The Laini Challenge – Book 08 – Glamour by Louise Bagshawe
The story opens with a scene of chaos outside a huge department store, press and fans are waiting outside to see one of their idols enter.
The store is called Glamour and the hustle and bustle is for the 3 girls who own this store, these 3 girls have become some of the most famous names in America and their beauty and style is renowned. Unfortunately, today could be the end of all that as rumour has it that a disagreement between the former best friends could mean the shares going public.
As this is all the information the reader has to go on, the first thing we question is who are these girls, how did they become so famous and so rich and most importantly what happened to ruin their friendship? Luckily at this point we meet the flashback!
Back in time we go, to when the girls were just 16 years old and in a very expensive private school in California. We have Sally, a beautiful blonde, who is very popular and confident. We also have Jane, who is a plain, shy bookworm from England. Soon to join them is a new girl in the school, Helen from Jordan, who immediately gets bullied by a group of so-called popular girls, and is rescued by Sally and Jane. Sally takes the 2 girls under her wing, and gives them a makeover bringing out the beauty hidden away behind Jane’s thick glasses and Helen’s shyness.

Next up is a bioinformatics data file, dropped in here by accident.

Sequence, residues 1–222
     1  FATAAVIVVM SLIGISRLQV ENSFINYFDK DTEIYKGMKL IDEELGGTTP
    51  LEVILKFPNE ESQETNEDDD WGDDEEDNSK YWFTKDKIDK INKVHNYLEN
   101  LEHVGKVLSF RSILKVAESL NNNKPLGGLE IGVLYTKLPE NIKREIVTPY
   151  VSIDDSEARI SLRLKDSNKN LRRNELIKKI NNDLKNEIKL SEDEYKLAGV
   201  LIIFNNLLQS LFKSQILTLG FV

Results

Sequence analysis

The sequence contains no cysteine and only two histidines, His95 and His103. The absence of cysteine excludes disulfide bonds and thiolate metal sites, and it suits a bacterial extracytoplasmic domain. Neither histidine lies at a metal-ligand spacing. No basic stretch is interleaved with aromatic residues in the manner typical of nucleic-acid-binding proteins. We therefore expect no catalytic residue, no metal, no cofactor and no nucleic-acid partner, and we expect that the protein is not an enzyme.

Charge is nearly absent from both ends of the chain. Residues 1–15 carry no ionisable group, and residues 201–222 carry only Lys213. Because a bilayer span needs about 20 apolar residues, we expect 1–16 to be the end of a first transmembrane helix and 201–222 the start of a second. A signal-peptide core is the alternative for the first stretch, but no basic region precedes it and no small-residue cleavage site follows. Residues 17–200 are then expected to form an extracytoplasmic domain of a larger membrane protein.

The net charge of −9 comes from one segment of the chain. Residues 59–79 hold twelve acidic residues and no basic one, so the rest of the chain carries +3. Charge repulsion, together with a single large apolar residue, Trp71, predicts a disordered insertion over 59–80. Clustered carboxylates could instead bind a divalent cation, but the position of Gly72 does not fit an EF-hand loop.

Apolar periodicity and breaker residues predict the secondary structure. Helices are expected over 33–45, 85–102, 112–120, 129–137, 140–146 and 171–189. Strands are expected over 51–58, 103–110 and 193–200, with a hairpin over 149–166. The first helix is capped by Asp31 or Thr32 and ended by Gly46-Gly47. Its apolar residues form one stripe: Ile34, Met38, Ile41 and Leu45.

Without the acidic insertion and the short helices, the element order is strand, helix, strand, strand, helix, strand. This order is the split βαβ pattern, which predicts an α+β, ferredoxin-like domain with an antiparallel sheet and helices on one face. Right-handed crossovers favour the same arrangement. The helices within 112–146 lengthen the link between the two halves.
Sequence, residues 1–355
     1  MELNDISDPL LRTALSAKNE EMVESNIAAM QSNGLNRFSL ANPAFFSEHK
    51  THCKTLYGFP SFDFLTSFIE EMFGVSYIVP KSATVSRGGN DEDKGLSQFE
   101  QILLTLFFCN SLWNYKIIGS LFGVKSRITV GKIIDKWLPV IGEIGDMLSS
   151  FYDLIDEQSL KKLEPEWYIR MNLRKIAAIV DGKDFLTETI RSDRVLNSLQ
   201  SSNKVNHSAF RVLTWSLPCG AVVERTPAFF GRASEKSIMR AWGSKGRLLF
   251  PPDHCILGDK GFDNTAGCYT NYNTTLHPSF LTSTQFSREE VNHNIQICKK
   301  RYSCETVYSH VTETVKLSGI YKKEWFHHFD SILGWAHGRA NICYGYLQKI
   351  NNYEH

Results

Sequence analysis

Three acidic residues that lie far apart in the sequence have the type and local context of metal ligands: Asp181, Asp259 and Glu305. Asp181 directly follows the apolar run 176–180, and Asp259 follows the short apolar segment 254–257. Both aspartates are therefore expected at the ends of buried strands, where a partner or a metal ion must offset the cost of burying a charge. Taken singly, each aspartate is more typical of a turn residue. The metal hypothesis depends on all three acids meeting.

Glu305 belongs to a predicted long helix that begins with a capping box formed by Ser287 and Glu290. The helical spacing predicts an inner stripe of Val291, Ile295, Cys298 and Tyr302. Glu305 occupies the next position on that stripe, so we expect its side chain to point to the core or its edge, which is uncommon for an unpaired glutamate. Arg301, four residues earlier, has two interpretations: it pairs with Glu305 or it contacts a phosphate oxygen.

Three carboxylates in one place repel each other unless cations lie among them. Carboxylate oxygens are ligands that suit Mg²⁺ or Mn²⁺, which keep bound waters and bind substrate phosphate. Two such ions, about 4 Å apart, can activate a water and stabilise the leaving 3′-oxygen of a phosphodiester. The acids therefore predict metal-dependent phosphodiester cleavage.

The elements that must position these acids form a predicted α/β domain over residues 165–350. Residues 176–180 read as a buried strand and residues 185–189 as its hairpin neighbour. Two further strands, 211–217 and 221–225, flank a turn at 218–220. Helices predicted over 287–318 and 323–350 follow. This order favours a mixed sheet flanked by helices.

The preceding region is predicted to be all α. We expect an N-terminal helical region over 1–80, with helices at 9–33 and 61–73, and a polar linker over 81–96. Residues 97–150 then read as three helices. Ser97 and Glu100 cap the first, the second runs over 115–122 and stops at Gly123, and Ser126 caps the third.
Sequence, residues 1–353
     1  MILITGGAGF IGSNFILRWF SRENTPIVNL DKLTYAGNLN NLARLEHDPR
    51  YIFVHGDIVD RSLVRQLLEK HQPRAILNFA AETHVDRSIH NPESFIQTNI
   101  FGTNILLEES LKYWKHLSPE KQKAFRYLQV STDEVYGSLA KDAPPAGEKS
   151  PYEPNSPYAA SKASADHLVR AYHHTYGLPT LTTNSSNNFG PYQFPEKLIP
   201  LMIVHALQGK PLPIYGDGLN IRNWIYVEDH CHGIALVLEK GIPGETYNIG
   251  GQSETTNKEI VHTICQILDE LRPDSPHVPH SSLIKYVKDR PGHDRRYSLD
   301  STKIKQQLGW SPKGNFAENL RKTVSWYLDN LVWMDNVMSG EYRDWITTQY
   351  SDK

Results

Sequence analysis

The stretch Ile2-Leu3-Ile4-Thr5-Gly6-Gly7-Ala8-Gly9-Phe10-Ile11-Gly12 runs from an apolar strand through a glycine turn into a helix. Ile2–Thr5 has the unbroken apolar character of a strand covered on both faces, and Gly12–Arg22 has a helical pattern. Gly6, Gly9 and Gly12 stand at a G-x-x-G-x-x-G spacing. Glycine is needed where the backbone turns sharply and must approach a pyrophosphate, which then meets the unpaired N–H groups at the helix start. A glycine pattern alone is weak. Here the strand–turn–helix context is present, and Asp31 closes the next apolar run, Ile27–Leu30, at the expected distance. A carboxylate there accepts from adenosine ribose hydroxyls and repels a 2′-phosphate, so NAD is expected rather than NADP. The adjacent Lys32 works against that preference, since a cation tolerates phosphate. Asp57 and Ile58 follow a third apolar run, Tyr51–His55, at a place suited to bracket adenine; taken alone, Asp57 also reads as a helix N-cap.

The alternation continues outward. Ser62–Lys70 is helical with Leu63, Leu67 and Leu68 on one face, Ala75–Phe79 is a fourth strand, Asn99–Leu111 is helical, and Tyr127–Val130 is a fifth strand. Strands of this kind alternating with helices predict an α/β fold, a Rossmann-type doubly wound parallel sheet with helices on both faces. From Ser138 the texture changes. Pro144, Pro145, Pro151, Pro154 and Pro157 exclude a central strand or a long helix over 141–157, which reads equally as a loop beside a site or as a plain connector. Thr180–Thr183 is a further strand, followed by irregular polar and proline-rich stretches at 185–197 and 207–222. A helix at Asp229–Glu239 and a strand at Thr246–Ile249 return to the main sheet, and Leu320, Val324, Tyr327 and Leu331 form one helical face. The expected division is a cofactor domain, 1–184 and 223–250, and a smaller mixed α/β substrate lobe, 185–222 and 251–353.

Their worlds are about to be rocked, as all 3 girls have to face their own trials. Jane discovers her father, a British Ambassador has committed suicide after scandals were uncovered. Sally’s father has a heart attack when he finds out that he is about to go bankrupt, and Helen finds herself in Egypt after her parents trick her into marrying a man she has only just met. The girls lose contact as each go their seperate ways, and the story follows each of them in their struggles to claim back their broken lives.
I find that Louise Bagshawe’s novels and heroines are very formulaic. Generally speaking we have a girl, usually more than one which have some unknown connection to each other. The rich one, because there is always a rich one, loses her fortune and or family, and must work her way up from the bottom, eventually becoming the President of the world or similar.
But you know what? Predictable and all as it was, her writing is quite enjoyable, and mostly I like her characters, maybe they’re not the most easy to realate, I mean, I’ve never heard of anyone being promoted from Greeter to Vice-President of Personnel just because the top dog heard them being treated badly in the store by the girls who used to bully her, but how and ever, this is make believe which is what I have to remind myself. Her novels are sort of like modern fairy tales for the strong powerful woman. Instead of Cinderella being mistreated by her ugly stepsister, she is mistreated by life, and instead of ending with a wedding dance and a happily ever after, it ends with a happily ever after and Cinderella in a penthouse apartment in New York reaping the gains from her multinational company. It’s kind of sweet really.
(NOTE FROM LEEDSBOOKCLUB – Louise Bagshawe is the alter-ego of Conservative MP Louise Mensch – where does she find the time?)